I also had the perfect fabric for it in my stash. I bought this fabric when I visited Goldhawk Road with Claire, Daniela and Jenny a few weeks ago. I bought the fabric to make a Zinnia skirt, and wanted 2.5m. But there was 4m left on the bolt and the shopkeeper refused to sell me 2.5. It was £5 a metre and in the end we settled on me paying for 3.5m. But now it seems it was good fortune that I ended up buying more than I needed, as I don’t think I’d have had anything else at home that would have worked as well. The fabric is a Chinese brocade and it’s really silky, fairly thing, and has gorgeous colours that change in the light – it’s green from one direction and pink from another. It also frays like anything and is pretty delicate, so I tried not to handle it more than I had to.


There were just three pattern pieces, and you need one of each in main fabric, lining fabric and lightweight interfacing. All of the pieces are cut on the bias, so choosing a pattern is quite important. The fact that it’s cut on the bias was the one thing that made this make a little tricky – the fabric pieces didn’t hold their shape very well once they were cut, and distorted a bit. I cut the main fabric first, and made sure to line up each of the edges of the pattern pieces along one of the diagonal lines on the fabric. Unfortunately, what I didn’t realise until after I’d cut it was that I actually cut the largest of the three pattern pieces on the bias in the other direction – the grainline arrow was on the crosswise grain rather than the straight grain. This means that the pattern runs in a different direction on this piece, but given that the join between this piece and the next is way up round your neck when you wear it, I figured it didn’t matter too much.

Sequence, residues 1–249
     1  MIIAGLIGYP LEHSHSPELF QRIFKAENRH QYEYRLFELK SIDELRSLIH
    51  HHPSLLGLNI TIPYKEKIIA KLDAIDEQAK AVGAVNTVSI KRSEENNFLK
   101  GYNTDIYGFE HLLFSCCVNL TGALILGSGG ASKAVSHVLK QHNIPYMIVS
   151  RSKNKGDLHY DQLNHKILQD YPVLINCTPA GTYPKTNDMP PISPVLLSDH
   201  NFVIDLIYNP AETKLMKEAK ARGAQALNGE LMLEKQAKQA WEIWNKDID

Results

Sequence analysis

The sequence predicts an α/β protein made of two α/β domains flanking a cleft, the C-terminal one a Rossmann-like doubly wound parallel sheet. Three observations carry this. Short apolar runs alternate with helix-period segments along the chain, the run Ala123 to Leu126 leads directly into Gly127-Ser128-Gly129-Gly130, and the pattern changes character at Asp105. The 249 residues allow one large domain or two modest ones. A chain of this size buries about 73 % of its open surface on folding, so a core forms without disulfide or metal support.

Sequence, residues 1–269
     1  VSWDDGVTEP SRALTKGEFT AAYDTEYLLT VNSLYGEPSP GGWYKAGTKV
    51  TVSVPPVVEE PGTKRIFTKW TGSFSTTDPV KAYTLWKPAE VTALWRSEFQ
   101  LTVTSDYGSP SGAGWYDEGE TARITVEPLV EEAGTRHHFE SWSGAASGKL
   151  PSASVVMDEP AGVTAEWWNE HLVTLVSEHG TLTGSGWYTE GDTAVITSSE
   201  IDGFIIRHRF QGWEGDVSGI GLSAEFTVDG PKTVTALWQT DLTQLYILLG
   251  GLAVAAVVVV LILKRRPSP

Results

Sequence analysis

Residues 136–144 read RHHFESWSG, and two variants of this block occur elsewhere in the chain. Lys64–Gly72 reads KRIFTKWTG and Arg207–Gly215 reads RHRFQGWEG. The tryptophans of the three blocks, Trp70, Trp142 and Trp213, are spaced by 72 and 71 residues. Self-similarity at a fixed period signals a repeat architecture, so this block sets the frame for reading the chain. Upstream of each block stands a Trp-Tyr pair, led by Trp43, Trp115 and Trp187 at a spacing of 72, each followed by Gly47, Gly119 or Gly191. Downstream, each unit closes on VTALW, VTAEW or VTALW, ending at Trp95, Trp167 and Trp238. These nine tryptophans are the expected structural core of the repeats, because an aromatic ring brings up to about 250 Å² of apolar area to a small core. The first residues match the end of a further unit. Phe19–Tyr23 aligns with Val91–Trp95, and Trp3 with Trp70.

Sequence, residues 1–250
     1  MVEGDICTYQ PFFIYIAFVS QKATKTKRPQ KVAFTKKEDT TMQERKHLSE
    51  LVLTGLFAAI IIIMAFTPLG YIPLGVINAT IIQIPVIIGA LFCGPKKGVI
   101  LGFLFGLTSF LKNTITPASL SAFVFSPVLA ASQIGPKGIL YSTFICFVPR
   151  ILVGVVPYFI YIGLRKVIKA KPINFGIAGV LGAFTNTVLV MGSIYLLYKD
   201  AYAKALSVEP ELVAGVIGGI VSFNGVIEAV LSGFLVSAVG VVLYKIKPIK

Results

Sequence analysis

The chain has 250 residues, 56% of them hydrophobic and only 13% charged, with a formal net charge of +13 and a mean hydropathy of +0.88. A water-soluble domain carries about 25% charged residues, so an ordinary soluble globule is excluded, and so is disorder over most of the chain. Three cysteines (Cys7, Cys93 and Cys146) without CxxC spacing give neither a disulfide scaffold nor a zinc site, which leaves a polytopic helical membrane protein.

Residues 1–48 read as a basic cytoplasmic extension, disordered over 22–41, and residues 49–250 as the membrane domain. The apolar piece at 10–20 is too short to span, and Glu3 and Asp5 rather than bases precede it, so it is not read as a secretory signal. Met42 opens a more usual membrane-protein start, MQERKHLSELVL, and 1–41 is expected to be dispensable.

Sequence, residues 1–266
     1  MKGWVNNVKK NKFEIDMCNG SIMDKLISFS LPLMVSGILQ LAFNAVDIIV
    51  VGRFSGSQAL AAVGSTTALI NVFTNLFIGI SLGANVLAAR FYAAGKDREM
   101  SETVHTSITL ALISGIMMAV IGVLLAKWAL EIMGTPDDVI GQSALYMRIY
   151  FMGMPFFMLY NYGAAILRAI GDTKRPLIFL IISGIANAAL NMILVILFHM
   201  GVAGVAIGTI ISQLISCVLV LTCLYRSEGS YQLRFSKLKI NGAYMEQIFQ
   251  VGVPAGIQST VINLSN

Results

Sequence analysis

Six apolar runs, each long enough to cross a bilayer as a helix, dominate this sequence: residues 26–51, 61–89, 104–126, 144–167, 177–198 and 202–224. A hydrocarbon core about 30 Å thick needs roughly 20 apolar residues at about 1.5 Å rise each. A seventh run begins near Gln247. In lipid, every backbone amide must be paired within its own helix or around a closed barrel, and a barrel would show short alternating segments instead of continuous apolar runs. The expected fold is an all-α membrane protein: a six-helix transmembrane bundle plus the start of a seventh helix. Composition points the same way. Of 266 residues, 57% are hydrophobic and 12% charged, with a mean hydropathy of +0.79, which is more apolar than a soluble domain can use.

I then cut out the lining, and the interfacing. It wasn’t until I was just cutting out the last piece of interfacing and wondering how, when the lining had distorted slightly from being on the bias, I was going to manage to iron the interfacing to the lining without getting it stuck to something, that I thought that it would have been much more sensible to iron a piece of interfacing onto the fabric before I cut the pieces out. Not only would that have saved my interfacing problem, but it would have saved my fabric from becoming misshapen, and I’d have only had to cut the pattern pieces out once. Lessons for next time!